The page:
Bloggerhood Etc. 6/10/13

Jesus as Good Shepherd holding a baby velociraptor.

Jesus loves the little raptors

This last week has felt like a month. Given what we’ve gone through, I’ve barely been on the Internet. But I’ve done some catching up today, and here are my seven favorite posts from the last week (in no particular order, as always).

Most Likely to Give Fundamentalists an Aneurism (This Week). “God as a woman, seeking out the marginalized” by Sarah Moon at Sarah Over the Moon (on’s Spirituality Channel).

In a world where the Christian images of God overwhelmingly (exclusively, in some circles) portray God as a man, I wonder, can the God who seeks out the marginalized be imagined as a woman too?

Jesus seemed to think so. 

I want to slap myself sometimes when I think of how many times I’ve read Luke 15, pictured God as a shepherd, and completely missed what was RIGHT THERE. 

God, imaged as a shepherd, leaves the 99 sheep to seek out the 1.

Then, right there, in plain sight . . .

“Or suppose a woman has ten silver coins and loses one. Doesn’t she light a lamp, sweep the house and search carefully until she finds it?” (Luke 15:8, NIV)

This isn’t the only instance where God describes himself using feminine imagery. The one that sticks in my mind—probably because it’s the most eloquent example is in Matthew’s Gospel.

“Jerusalem, Jerusalem . . . how many times I yearned to gather your children together, as a hen gathers her young under her wings”—Matthew 23:37 (NAB)

But that’s because God, despite his omnipotence, stands with the poor, the weak, and the marginalized. The caring shepherd, the frantically searching woman, the mother hen . . .

And the Word Incarnate nailed to the Cross. All powerful, yet on always on the side of the powerless.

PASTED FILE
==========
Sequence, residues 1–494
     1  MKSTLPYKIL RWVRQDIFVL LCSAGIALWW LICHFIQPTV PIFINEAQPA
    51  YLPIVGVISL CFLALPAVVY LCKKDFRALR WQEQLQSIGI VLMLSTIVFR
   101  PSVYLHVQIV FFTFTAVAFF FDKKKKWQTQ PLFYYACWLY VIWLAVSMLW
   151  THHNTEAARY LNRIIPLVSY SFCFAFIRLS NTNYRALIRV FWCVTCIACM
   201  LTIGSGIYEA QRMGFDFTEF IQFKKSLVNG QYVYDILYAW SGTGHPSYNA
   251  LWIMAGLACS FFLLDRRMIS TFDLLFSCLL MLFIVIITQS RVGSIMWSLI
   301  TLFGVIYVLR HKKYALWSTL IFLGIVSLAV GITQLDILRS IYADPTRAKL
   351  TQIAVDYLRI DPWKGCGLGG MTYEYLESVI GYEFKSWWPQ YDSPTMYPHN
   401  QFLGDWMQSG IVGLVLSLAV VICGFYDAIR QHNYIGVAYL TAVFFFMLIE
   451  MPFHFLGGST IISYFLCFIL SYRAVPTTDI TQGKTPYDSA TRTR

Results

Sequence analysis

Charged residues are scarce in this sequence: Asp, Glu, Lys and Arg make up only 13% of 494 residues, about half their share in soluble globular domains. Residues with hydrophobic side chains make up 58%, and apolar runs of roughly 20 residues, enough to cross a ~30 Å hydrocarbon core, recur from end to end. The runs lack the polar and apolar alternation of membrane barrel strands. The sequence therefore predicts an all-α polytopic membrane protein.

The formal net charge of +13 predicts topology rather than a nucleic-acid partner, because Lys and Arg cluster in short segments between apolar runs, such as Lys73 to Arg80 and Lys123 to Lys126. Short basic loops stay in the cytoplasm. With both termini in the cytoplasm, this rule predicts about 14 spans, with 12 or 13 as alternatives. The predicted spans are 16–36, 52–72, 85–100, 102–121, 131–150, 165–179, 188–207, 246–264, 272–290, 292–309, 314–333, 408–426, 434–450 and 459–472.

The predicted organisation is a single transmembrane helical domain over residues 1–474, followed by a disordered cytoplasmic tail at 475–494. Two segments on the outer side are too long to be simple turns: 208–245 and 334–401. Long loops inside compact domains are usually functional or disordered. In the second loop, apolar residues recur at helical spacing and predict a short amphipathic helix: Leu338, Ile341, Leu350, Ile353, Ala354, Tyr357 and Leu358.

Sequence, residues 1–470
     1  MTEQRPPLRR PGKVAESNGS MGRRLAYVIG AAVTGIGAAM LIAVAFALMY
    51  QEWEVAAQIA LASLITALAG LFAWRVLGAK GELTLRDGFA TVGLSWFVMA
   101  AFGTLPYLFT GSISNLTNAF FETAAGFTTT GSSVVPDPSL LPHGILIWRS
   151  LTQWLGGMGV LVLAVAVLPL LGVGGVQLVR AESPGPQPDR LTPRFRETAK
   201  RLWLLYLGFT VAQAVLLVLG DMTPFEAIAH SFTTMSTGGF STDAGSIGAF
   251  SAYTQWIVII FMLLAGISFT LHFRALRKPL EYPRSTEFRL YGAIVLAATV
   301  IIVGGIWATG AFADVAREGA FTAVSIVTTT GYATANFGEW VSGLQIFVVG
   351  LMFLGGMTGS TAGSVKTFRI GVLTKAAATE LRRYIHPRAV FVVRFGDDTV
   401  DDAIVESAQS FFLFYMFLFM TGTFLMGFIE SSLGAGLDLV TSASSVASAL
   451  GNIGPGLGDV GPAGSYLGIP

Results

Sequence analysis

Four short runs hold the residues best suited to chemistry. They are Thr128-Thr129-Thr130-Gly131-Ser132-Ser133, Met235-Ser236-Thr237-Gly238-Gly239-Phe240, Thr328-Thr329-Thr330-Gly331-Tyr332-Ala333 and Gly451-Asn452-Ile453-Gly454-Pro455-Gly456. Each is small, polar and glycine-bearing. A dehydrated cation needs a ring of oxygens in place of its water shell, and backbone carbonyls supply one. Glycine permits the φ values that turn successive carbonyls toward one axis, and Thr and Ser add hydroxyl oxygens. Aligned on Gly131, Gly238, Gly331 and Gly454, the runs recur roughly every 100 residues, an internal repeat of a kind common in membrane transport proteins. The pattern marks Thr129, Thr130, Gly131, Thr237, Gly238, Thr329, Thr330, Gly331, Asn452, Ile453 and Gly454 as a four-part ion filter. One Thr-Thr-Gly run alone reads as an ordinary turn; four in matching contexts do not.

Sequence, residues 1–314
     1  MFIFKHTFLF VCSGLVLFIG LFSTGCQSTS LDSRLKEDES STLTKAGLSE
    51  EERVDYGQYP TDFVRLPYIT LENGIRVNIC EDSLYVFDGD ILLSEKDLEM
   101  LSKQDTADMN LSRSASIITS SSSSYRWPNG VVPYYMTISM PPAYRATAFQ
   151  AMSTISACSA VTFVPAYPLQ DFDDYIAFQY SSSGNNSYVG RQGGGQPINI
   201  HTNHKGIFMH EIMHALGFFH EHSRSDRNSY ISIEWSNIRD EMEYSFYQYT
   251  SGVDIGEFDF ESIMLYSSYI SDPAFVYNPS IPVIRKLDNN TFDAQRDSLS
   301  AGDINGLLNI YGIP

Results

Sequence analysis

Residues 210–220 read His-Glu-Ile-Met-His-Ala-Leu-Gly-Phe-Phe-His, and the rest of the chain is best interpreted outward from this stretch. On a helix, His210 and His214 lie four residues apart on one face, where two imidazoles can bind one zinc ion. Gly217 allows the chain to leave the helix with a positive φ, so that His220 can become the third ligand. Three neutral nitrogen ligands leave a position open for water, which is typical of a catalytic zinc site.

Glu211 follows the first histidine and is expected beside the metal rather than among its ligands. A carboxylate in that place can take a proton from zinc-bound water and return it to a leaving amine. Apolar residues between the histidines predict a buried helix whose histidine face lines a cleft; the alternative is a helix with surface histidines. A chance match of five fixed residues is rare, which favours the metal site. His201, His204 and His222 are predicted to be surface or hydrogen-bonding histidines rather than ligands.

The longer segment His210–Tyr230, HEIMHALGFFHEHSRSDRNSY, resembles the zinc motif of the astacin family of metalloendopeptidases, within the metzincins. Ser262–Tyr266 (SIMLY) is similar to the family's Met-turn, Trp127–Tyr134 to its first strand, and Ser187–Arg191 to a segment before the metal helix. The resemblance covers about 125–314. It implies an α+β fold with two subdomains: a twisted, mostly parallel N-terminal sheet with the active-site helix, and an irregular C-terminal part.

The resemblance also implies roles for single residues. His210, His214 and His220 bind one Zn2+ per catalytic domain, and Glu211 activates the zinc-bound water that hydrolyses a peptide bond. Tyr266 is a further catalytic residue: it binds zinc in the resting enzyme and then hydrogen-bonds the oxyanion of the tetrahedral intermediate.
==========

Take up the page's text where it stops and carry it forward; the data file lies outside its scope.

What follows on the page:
Best Online Campaign. “Female Minifigure Set” at LEGO® CUUSOO. Astronomer, paleontologist, engineer, falconer, and more . . . all female. An inspiration to young girls like my daughter. And it was a success!

Best Interactive Maps. “22 Maps That Show How Americans Speak English Totally Differently From Each Other” by Walter Hickey at Business Insider. Clicking through all these, I’m amazed at how strong an influence my early years in NoVa had on me.

Most Encouraging. “On trust and bitten nails” by Ashley Larkin on Draw Near. If she can stop maybe I can too.

Best Writing. “Crawling to the Cross” by Natalie Trust. I think I’ll be featuring Natalie each week. She never fails to blow me away.

Best Welcome. “A note for those in the valley” by Nish Weiseth. I’ll pass the wipes.

Best Special Needs Post. “On the Question of Humanity” by Robert Rummel-Hudson on Support for Special Needs.  A must-read.

And to end on a lighter note, a bonus from my favorite vlog.

Watch to the end to hear Thor sing!


Powers of Ten

Here’s a video I remember seeing at the National Air and Space Museum when I was a kid:

The ’70s aesthetic of the video dates it a bit, as does the forty-year-old astronomy. But the way it conveys the incomprehensible vastness of the universe is still awe-inspiring.

But one line always stuck with me: “This lonely scene . . . is what most of space looks like. This emptiness is normal—the richness of our own neighborhood is the exception.” Others, when hearing this line, understand it as reinforcing the scientific materialist view of our insignificance. I don’t. I understand it as a comment on how “exceptional” we are. Being the exception to the rule is what makes our world significant, and within our world it’s what makes us significant. No other animal, no matter how intelligent, can conceive of the world beyond the immediate horizon. We can see, theorize, and speculate on the nature of the universe itself.

There may only be a few earth-like planets in our galaxy or there may be many. That doesn’t matter, when almost all the universe is emptiness the very rare exceptions are special, and we are the exception among exceptions. We aren’t at the center of the universe—there is no center—and we wouldn’t want to be at the center of the galaxy or the solar system—both are uninhabitable. There is no privileged place—besides a habitable zone around a main sequence star that allows us to exist at all—our privilege is having the unique (and as far as we know, only) intelligence capable of figuring at least some of these things out.

To comprehend at even an imperfect level the vastness and complexity of creation, makes us closer to the creator (if there is one) than any other creature we know of. One might say it makes us uniquely in the Image of God.

That, to me, is even more awe-inspiring.